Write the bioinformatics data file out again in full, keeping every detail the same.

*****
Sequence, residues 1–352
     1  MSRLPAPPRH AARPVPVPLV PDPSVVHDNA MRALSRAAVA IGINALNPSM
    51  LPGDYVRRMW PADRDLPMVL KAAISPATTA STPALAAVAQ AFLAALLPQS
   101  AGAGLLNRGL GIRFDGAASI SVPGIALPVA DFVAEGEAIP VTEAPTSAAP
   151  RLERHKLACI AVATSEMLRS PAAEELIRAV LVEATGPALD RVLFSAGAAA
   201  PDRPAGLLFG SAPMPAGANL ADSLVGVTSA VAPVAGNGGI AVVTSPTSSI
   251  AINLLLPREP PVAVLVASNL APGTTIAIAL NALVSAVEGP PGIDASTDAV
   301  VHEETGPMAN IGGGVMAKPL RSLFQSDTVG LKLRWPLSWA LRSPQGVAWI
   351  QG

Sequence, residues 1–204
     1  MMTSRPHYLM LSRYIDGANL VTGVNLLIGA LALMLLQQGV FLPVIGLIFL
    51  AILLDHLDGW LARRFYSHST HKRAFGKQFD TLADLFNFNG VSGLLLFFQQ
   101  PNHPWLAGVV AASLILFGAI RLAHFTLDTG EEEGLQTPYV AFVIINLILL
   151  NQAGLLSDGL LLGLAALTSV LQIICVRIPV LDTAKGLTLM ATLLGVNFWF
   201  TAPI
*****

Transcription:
Sequence, residues 1–352
     1  MSRLPAPPRH AARPVPVPLV PDPSVVHDNA MRALSRAAVA IGINALNPSM
    51  LPGDYVRRMW PADRDLPMVL KAAISPATTA STPALAAVAQ AFLAALLPQS
   101  AGAGLLNRGL GIRFDGAASI SVPGIALPVA DFVAEGEAIP VTEAPTSAAP
   151  RLERHKLACI AVATSEMLRS PAAEELIRAV LVEATGPALD RVLFSAGAAA
   201  PDRPAGLLFG SAPMPAGANL ADSLVGVTSA VAPVAGNGGI AVVTSPTSSI
   251  AINLLLPREP PVAVLVASNL APGTTIAIAL NALVSAVEGP PGIDASTDAV
   301  VHEETGPMAN IGGGVMAKPL RSLFQSDTVG LKLRWPLSWA LRSPQGVAWI
   351  QG

Sequence, residues 1–204
     1  MMTSRPHYLM LSRYIDGANL VTGVNLLIGA LALMLLQQGV FLPVIGLIFL
    51  AILLDHLDGW LARRFYSHST HKRAFGKQFD TLADLFNFNG VSGLLLFFQQ
   101  PNHPWLAGVV AASLILFGAI RLAHFTLDTG EEEGLQTPYV AFVIINLILL
   151  NQAGLLSDGL LLGLAALTSV LQIICVRIPV LDTAKGLTLM ATLLGVNFWF
   201  TAPI